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Re: [xml-dev] text nodes of document in XDM

On 11/01/2011 18:19, David Lee wrote:
> Thanks very much for this explanation.
> Do you (or anyone) know why with XQuery and XSLT 2 .0 and XPath 2.0 using
> XDM as the data model instead of INFOSET, why a simple sequence isn't used
> for this purpose ?
> That is why create a document node with<xsl:variable>  when a sequence seems
> the more obvious choice (to me).

"Why" questions are always very difficult. One can attempt an 
after-the-event rationale ("this is why I think the design we ended up 
with makes sense"), but if the question is "what was the sequence of 
decisions that led to this situation, and what was each member of the 
working group thinking when they concurred with each of those 
decisions", then it becomes impossible even for a professional historian 
to untangle the convoluted process that got us to where we are today.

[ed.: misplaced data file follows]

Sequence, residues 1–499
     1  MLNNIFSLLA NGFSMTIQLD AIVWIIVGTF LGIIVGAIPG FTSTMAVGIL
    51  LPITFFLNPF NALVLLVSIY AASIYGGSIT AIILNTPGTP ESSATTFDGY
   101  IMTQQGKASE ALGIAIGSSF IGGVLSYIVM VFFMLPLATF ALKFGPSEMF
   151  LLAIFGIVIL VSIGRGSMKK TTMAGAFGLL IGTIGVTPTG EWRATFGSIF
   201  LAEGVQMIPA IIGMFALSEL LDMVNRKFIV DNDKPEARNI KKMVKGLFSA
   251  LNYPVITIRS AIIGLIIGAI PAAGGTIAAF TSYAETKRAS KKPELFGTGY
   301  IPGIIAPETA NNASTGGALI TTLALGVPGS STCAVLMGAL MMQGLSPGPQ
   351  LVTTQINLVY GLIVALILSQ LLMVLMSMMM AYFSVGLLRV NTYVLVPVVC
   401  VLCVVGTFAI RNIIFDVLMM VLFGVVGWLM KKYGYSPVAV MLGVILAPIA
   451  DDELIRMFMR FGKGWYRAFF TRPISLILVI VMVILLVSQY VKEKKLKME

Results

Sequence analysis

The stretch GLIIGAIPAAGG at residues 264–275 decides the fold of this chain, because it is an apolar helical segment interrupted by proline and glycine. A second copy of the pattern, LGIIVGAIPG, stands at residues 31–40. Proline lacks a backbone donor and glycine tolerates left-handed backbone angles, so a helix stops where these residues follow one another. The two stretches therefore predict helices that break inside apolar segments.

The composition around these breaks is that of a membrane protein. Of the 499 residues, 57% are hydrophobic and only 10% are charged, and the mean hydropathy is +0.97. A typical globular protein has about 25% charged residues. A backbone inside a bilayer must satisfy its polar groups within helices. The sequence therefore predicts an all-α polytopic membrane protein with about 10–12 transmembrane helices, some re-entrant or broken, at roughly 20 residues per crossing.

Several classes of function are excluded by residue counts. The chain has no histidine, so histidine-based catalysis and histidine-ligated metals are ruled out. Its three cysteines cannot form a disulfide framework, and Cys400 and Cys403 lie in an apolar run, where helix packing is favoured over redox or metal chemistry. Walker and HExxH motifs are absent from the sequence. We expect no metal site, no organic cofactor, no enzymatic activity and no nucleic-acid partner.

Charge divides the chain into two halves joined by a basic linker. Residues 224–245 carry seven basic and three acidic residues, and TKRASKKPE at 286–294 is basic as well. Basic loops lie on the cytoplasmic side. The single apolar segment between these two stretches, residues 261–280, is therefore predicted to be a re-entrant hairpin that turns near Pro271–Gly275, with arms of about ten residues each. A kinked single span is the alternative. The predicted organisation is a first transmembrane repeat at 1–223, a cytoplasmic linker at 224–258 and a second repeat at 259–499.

Firstly, the history of the data model is that XSL (as it then was) 
developed a model that was cognizant of the DOM and its strengths and 
weaknesses, and tried to do better. That was long before the Infoset. 
The Infoset was developed in full knowledge of the XSL model, and 
incorporated many of its ideas, but also added bells and whistles for 
people who (for example) wanted to retain CDATA sections and entity 

The fact that xsl:variable creates a document node was a rational choice 
for XSLT 1.0 where the tree of nodes was the only composite structure 
available. It's a less-than-ideal choice for XSLT 2.0, but was necessary 
in the interests of backwards compatibility.

> Or is there a reason, within the XDM model itself, why documents should be
> allowed to have mixed content ...
I think the language could have been made to work without this property. 
Again, if by "reason why" you are looking for a researched history of 
the actual WG decisions and their justifications, then I can't find that 
for you. It's possible (this is speculation) that the decision was 
influenced by persons unknown who felt that the rule in lexical XML that 
a document must have only one outermost element was artificial, 
unnecessary, and unlikely to appear in the final Recommendation.

Michael Kay

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